"DEVENISH: Well, look, I think that the president of the United States is always looking at the best way to accomplish our objectives here. Now, we remain a country at war. It's important to keep in mind who the prisoners are that are at Guantanamo. These are enemy combatants who were picked up on the battlefields of Afghanistan primarily, and when the president talks about looking at alternatives and the best ways to get -- to meet our objective, that objective is keeping America safe, so of course, the president of the United States is always looking for the best way to keep America safe.
"BASH: So, it sounds like there's a formal review underway.
"DEVENISH: I'm not aware of that, but, you know, I think the president spoke clearly and plainly and you heard from the White House, as well.
"BASH: You're the communications director. Has this been a bit of a PR nightmare for you?
"DEVENISH: Oh, there are no PR nightmares in Washington. It's always an opportunity to get to talk about the president's vision for getting things done."
Reporters also fruitlessly tried to get Scott McClellan to clear up the administration's position on the U.S. prison camp at Guantanamo Bay, Cuba at yesterday's
A short excerpt:
"Q So the bottom line is --
"MR. McCLELLAN: And that's all the President was saying, is that we're always looking at all alternatives.
"Q Bottom line is he's completely ruled out closing down Guantanamo?
"MR. McCLELLAN: I'm sorry?
"Q The bottom line is that he's completely ruled out --
"MR. McCLELLAN: I would leave it -- I would say what the President said, that we're always looking at all alternatives for dealing with detainees. That's what he said yesterday and that's where we are."
Downing Street Memo Watch
A potpourri of Downing Street Memo items:
"But that is what happened to the now infamous secret Downing Street memo, posted on the site on May 1 alongside a story by Michael Smith of The Sunday Times. And if the document has taken on a life of its own it is largely because of the bloggers and their web-savvy allies on the US Left."
A red-state paper that endorsed Bush comes out for disclosure. Here's today's
"In the interest of the nation and the administration, the source and content of the Downing Street Memo need to be fully explained."
Former New York Times ombudsman Daniel Okrent tells
"TERENCE SMITH: Do you have any evidence that it is?
"DANIEL OKRENT: No."
Writes Walcott: "Knight Ridder was, in fact, the first American news organization (more than a week before our local paper here in Washington) to write about the Downing Street memo and the light it shed on the Bush administration's decision to go to war in Iraq.
"And almost six months before the memo was written, in early February 2002,
Also on the Daily Kos blog,
"This hearing is just one step in an investigation that I am commencing that will literally span the Atlantic. I am in touch with British officials and former U.S. intelligence officials and I am determined to get to the truth."
Social Security Watch
"This follows lengthy meetings with White House advisers, including top political adviser Karl Rove, said Grassley. . . .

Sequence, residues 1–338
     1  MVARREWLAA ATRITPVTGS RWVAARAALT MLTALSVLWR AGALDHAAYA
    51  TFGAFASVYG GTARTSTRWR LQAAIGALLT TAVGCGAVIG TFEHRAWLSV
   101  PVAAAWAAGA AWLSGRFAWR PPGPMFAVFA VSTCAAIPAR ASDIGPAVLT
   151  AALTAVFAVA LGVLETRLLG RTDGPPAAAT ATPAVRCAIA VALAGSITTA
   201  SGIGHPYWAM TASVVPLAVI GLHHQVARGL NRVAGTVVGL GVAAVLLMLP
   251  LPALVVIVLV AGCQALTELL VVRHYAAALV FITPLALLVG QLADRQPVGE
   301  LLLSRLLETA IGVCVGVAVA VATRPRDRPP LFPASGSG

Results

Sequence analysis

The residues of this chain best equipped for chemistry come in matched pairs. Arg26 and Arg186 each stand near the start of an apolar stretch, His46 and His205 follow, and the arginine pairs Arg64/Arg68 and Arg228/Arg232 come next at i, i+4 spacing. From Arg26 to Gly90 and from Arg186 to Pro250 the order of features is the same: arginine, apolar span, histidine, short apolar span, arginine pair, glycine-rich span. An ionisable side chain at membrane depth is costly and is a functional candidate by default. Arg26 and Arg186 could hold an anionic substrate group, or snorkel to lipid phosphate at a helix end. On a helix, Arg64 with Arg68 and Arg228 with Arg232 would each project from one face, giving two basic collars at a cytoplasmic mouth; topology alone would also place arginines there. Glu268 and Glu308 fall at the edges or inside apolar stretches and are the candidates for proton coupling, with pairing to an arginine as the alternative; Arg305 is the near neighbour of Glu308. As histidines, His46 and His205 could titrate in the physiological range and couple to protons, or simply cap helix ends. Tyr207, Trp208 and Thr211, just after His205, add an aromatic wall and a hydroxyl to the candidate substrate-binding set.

"Grassley said he will not discuss the substance of his meetings with White House officials and was delicate in his general descriptions.
" 'I see these meetings as fully supportive of my efforts to get a bill out of committee,' said Grassley."
"President George W. Bush met more than a dozen Democrats who had raised concerns that weak labour standards in the region could undercut US workers. It was his fourth meeting with members of Congress to try to build support for the Central American Free Trade Agreement."
"Bush's speech lasted 23 minutes, and he spoke to 150 law enforcement officers. It was a much smaller audience than is usually assembled for a presidential visit, and his speech was about half as long as most speeches he gives on overhauling Social Security.
"But Bush's target audience wasn't the cops in the room; it was members of Congress who are deciding whether to extend and expand the law that was passed hurriedly by big margins weeks after 9/11 to give law enforcement more power to pursue terrorists."
"The president Thursday did not mention expansion of the act, but White House spokeswoman Dana Perrino said Bush supported such efforts."
"Over the past three-and-a-half years, America's law enforcement and intelligence personnel have proved that the Patriot Act works, that it was an important piece of legislation. Since September the 11th, federal terrorism investigations have resulted in charges against more than 400 suspects, and more than half of those charged have been convicted."
Can someone get me a run-down on those 400 suspects, and what they were accused of doing?
Bush visited the National Counterterrorism Center in Tysons Corner this morning and tapped retired Vice Admiral John S. Redd to be its director.
Redd most recently served as executive director of the White House's WMD Commission. Here's the White House
Bush also spoke again about the Patriot Act. Here's the
"If the Senate gives its approval, Los Angeles venture capitalist Ronald Spogli will become U.S. ambassador to Italy, and Orange County automobile dealership executive Robert H. Tuttle will become ambassador to Britain."
"Kasuri met privately with President Bush yesterday, but the subject of Bin Laden didn't come up, he said."
Obnoxious Pop-Up Ad
No one likes pop-up ads. But the Secret Service might take issue with this one:
Reports Graff: " 'Is it any wonder that the President will sit down for an interview with Fox News?' one reporter asked at the Atlantic event last night. '[The White House] couldn't come up with easier questions themselves.' "